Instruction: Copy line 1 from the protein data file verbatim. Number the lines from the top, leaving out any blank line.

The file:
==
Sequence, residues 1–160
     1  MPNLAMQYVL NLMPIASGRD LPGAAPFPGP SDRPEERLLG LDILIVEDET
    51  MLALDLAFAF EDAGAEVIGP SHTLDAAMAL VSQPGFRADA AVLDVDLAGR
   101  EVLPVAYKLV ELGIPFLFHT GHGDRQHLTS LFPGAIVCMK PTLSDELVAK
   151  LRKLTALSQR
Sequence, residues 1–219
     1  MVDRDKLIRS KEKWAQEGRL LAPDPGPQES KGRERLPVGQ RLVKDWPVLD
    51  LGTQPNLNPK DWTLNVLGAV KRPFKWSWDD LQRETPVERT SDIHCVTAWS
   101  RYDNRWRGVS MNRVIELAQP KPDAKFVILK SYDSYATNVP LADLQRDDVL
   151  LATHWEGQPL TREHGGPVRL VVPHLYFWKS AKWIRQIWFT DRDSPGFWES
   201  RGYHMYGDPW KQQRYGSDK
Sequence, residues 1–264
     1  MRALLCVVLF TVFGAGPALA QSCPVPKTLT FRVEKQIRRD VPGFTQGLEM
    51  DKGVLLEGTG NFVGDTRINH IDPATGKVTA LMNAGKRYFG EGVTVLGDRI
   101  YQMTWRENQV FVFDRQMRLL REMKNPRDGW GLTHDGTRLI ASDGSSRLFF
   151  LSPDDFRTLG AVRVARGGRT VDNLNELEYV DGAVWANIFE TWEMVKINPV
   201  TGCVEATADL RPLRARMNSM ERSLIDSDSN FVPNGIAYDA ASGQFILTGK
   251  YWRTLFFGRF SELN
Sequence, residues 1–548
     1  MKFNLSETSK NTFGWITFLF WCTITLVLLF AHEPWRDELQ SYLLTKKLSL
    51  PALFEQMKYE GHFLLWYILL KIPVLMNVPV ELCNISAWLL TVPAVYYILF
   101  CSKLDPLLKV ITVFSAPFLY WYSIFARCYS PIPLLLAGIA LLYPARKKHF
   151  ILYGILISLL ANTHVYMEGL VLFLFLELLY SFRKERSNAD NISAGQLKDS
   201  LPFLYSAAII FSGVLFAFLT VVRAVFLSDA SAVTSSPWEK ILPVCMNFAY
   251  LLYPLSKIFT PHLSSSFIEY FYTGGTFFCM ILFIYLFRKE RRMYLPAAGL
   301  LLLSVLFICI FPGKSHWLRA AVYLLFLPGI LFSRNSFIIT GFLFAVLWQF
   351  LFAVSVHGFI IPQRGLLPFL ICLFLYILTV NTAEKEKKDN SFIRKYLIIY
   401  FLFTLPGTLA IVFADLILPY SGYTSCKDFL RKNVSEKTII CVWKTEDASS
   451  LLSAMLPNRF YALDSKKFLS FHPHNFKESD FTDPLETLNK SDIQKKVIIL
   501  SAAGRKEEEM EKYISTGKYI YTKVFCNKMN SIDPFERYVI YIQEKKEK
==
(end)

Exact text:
Sequence, residues 1–160